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You’ve been asked to moderate a panel and you know those first few moments that start a panel discussion will make or break the success of the session. Typically, you’ll kick it off with welcoming comments, an overview of the process and your role, as well as panelist introductions.  You do this in order to connect the audience with the topic and the panelists – so the audience understands what’s being proposed, who the panelists are, and why they should listen to them.

4 Parts to the Start of a Panel Discussion

Welcoming Comments.  Start with a friendly, warm hello and then lead into the topic with a short, interesting fact, statistic, quotation, anecdote, or poll.  Set the table by quickly giving an overview of why this topic is important now and what you hope to accomplish.

Process. Provide a high-level review of the process as well as any ground rules. Encourage the attendees to submit their questions as you go, periodically or at a dedicated time.  

Your Role. If you haven’t already been introduced, briefly state your name, a relevant factoid that contributes to your credibility, and then clarify your role as the moderator.  If you are also contributing content as a fellow panelist, say so at the onset.

Panelist Introductions.  Introductions should be brief, informative, professional, and warm with a similar length and style so the group can immediately launch into a powerful discussion.

That being said, there is a great debate in the moderator community about who should introduce the panelists. While there is no “right way,” you should be aware of the pros and cons of each option:

  • Moderator Introduces. You are able to focus on the essential tidbits of information the audience needs to know to engage quickly in the conversation. An added benefit is that it allows you to control the clock.  At least in the first five minutes, you won’t already be behind schedule!
    If you are introducing the panelists, create a two-sentence bio for each panelist that quickly establishes why that person is uniquely qualified to be there. You may want to include an interesting comment on the position he is taking, why she is so passionate about the topic, or why he was selected to be on the panel.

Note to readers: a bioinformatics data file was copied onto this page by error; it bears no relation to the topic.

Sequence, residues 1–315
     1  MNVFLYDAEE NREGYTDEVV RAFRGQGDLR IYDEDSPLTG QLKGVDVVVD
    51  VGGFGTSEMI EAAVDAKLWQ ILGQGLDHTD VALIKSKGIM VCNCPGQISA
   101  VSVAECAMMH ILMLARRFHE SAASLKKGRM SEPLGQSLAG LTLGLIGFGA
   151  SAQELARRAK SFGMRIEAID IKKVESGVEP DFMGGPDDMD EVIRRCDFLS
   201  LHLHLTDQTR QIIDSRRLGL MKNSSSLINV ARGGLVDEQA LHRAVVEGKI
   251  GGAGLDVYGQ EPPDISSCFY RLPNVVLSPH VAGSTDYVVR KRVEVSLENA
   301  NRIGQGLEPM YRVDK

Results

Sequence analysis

• Panelist Introduces. It allows each panelist to loosen up and connect with the crowd. It allows each panelist to have a guaranteed amount of airtime. Unfortunately, it also allows the panelists to set the tone for the panel. They could be boring and go over time; then you are already in the hole before the discussion even starts!
  • No One Introduces! If you believe that everyone on the panel is already well-known to the audience, consider skipping the introductions. Put up a summary slide and get down to business!

Because these starting comments are so important to the success of your panel discussion, I suggest you write out your talking points and/or script your welcome and introductions. Practice them so you are comfortable enough with the content and won’t have to read it word for word.

Related Articles:

How to Organize a Panel Discussion

How and When to Manage Audience Q&A

Panel Moderator Checklist: Meeting with Panelists Prior to Panel Discussions

The Anatomy of a Powerful Panel Discussion

For more information about how to moderate a lively & informative panel discussion, check out our free 7-part video series or our other resources to help you organize, moderate, or be a panel member.

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Kristin Arnold



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Kristin ArnoldKristin Arnold
KRISTIN ARNOLD, MBA, CSP, CPF|Master has been facilitating meaningful conversations between executives and managers to make better decisions and achieve extraordinary results for 25+ years. She's a leading authority on moderating panel discussions and passionate about finding the perfect olive to complement a vodka martini.
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